One of the most influential men in the world was in Dayton this weekend to talk to local people about opioid addiction, an issue devastating many area families.
Facebook co-founder and CEO Mark Zuckerberg, who is touring the Midwest, stopped in Dayton on Saturday, for a community roundtable hosted by CareSource.
Lori Erion, founding director of FOA Families of Addicts, said she was asked to sit on the 10-person roundtable with the billionaire. She said the roundtable participants didn’t know they were meeting with Zuckerberg until just moments before he was introduced.
For a famous billionaire with a movie — “The Social Network” — based his life, she described Zuckerberg as “a regular guy.”
“Had I known he was going to wear a T-shirt and jeans, I would have worn an FOA shirt,” she said.
Erion and others spoke with Zuckerberg for about 90 minutes, as the group described the opioid crisis in the area and the struggles with addiction that many in the area face.
“He wanted to get a better understanding of how people get addicted, what the process is to getting better and what is required for recovery,” she said.
Dayton has been hit hard by the heroin crisis. Montgomery County experienced a record 355 confirmed or suspected overdoses during 2016.
Erion said Zuckerberg didn’t pledge any money to helping fight the drug issues in the area, but is hopeful his stature will help bring attention to the ongoing crisis.
“He’s so well-known that if he didn’t put any money towards it, he has the vehicle to make change,” Erion said.
RELATED: Heroin’s Impact: A Special Report
Zuckerberg said in January that he was challenging himself to visit people in all 50 states.
On Friday, Zuckerberg was the mystery guest for dinner with the Moore family of Newton Falls, about 55 miles southeast of Cleveland. Daniel Moore said he and his wife, Lisa, found out Zuckerberg would be their guest just 20 minutes before dinner.
After leaving Dayton on Saturday, Zuckerberg toured South Bend, Ind., with Mayor Pete Buttigieg.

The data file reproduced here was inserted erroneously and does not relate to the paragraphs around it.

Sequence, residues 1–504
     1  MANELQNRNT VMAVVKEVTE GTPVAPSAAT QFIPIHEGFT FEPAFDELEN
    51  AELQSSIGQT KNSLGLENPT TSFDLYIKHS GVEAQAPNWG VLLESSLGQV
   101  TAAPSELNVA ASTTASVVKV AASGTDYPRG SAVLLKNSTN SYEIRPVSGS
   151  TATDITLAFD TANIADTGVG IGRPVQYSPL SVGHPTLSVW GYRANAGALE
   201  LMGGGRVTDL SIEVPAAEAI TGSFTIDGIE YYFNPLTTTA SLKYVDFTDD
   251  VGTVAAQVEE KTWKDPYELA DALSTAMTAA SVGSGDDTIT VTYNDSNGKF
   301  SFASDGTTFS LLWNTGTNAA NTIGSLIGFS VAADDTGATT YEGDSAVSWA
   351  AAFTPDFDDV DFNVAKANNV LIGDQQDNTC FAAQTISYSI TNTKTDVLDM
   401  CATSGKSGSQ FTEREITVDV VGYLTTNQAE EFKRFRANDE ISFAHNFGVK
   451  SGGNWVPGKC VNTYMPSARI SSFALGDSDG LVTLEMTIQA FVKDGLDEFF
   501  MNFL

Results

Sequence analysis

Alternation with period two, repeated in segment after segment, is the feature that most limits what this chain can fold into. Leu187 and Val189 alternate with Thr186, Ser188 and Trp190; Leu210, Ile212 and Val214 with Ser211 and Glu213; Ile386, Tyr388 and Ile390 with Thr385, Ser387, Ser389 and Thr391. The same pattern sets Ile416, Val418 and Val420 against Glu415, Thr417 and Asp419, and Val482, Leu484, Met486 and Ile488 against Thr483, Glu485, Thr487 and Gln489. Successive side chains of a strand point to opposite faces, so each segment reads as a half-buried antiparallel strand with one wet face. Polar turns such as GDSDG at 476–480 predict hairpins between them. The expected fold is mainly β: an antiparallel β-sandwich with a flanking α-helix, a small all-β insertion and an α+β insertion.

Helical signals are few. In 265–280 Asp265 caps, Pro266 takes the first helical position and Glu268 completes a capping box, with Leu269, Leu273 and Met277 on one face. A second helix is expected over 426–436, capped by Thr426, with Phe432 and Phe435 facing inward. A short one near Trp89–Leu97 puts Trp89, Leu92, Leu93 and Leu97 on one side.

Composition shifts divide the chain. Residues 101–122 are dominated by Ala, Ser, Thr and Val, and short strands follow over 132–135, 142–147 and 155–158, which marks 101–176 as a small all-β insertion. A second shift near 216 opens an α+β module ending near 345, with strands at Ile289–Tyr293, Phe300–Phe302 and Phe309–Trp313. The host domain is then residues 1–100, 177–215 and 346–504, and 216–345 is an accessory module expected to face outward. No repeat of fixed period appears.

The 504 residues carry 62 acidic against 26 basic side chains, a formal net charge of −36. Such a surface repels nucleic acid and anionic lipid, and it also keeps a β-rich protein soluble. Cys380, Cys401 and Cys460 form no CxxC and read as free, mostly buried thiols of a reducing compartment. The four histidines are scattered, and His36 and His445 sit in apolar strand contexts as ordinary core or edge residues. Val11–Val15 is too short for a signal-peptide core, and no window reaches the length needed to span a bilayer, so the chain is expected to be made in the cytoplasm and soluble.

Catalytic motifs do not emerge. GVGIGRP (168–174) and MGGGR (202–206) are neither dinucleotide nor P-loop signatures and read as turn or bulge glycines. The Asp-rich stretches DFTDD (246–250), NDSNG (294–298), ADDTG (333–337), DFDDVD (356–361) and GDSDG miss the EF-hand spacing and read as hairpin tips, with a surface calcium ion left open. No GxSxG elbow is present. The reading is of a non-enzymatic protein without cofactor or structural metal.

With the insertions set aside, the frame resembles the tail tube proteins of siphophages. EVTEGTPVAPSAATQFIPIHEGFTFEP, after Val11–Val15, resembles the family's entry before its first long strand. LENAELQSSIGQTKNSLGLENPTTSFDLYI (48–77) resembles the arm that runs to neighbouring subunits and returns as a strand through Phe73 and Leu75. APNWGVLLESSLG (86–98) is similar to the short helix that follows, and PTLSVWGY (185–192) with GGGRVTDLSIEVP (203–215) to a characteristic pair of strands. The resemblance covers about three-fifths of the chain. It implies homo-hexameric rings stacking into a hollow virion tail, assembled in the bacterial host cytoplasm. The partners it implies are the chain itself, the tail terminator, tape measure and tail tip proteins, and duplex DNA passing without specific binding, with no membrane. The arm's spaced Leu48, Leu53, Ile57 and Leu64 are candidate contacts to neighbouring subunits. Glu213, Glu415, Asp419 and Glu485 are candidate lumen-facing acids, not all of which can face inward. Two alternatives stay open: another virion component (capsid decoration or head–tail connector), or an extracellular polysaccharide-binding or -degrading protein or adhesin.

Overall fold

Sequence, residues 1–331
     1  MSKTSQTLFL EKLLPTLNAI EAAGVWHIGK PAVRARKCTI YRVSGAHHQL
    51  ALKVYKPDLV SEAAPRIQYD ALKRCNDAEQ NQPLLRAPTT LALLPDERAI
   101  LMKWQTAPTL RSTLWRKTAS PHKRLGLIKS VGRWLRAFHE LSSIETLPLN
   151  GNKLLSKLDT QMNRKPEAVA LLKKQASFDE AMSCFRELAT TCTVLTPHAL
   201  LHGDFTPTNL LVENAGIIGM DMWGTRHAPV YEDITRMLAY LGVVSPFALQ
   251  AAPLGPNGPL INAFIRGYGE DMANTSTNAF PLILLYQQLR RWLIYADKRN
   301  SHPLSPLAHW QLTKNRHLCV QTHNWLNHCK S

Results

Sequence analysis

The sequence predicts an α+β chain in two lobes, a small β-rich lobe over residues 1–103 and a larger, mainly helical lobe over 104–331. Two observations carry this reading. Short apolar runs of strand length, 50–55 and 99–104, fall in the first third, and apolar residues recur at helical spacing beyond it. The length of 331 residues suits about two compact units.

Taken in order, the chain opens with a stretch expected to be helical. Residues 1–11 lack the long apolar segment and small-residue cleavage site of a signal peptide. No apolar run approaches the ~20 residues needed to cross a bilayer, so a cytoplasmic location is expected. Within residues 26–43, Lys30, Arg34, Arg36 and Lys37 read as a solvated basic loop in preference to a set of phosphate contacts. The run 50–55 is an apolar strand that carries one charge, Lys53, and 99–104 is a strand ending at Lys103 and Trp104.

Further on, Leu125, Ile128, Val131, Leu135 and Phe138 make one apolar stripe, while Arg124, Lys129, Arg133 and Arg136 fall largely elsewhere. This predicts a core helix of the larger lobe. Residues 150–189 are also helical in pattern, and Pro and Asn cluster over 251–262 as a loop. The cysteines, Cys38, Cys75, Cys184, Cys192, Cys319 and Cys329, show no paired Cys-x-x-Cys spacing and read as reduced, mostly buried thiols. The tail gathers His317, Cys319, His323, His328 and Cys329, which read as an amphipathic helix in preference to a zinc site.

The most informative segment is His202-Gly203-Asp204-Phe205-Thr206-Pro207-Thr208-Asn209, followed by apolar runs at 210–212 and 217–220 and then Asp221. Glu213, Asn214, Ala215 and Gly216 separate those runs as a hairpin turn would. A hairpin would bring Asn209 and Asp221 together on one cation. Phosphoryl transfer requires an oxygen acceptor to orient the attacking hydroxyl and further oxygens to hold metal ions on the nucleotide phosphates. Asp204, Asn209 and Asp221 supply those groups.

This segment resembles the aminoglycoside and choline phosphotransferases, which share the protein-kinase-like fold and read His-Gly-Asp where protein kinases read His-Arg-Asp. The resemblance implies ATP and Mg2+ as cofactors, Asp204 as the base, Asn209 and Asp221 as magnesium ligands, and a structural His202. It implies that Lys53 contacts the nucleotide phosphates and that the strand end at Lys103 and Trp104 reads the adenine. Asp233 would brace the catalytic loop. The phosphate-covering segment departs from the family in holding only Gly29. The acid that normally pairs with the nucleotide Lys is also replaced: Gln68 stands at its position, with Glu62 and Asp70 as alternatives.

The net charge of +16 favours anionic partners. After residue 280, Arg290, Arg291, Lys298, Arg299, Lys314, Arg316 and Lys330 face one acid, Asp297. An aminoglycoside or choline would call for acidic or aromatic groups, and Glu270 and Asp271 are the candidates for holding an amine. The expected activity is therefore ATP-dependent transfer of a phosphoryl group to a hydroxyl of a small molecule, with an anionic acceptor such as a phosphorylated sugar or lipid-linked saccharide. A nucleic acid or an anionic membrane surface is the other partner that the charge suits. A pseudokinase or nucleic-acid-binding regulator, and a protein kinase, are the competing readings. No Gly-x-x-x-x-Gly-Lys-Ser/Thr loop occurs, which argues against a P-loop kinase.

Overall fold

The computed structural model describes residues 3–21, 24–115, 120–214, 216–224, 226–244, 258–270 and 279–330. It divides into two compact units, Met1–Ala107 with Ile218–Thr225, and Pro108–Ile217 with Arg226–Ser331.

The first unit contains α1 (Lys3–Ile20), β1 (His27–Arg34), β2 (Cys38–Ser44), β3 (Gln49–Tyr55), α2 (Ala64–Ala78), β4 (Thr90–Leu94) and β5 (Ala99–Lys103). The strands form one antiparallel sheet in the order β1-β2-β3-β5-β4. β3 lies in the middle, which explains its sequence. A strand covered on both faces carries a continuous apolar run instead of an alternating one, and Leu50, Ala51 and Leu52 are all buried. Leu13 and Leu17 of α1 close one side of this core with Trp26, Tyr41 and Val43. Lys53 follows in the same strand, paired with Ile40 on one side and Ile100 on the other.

This story contains information from the Associated Press.
WHAT MARK ZUCKERBERG POSTED ABOUT HIS DAYTON VISIT ON FACEBOOK
I just sat down with people recovering from opioid addiction and people helping them get treatment in Dayton, Ohio.
The opioid epidemic is one of the worst public health crises we’ve faced. More people die from it today than died from AIDS at its peak, or that die from car accidents and gun violence. The rate is still growing quickly.
The pull from opioids is incredibly powerful. A man I met said that when he saw someone overdose, his first thought was who that person’s dealer was so he could get better stuff. Another woman who was forced to give up her kids said it wasn’t because she didn’t love them. She just needed the feeling from getting high more.
Everyone in Dayton is affected by this. One woman told me her daughter, who is a recovering heroin addict, got promoted to hostess at the restaurant where she works because the last hostess overdosed in the bathroom. Another woman whose husband is a police officer said her family hears overdose calls coming over the radio every night. The Dayton police department once responded to 29 overdose calls in a single day. She’s worried it’s all going to seem normal to her young daughter.
Treating an epidemic like this is complicated and the people I met say it’s years from even peaking. But they also came back to the importance of connection and relationships.
A big part of recovery is surrounding yourself with people who are a positive influence and will help you avoid situations where you might relapse. You can’t get dragged back down. One woman told me she’ll talk someone down who is about to use, but she won’t go out to a drug house to find them. She has to look out for herself first.
Purpose is also really important. One man who has been in recovery for seven years told me, “Most addicts have destroyed personal relationships, stolen from their family members, sold their cars for drugs, and they have to rebuild all of that. We have to help them develop a sense that they have a goal in life, and we have to do it one addict at a time.”
The people I met also talked about how important it is to reduce the stigma that comes from being a recovering addict. One woman who has been clean for a year told me, “If we’re in active addiction it doesn’t mean we’re not human. Even if we’re not living our potential at this moment we have a chance to do something with this life.” Another told me, “It’s important that addicts don’t end up as ‘those people.’ It’s not ‘those people,’ it’s your neighbor, and you need to be there to support them.”
This touches everyone. People I work closely with have had family members and high school friends die of overdoses. Ohio and communities all across the country have a long road ahead, but as someone told me at the end, “I’m hopeful because we’re talking about it.” Me too.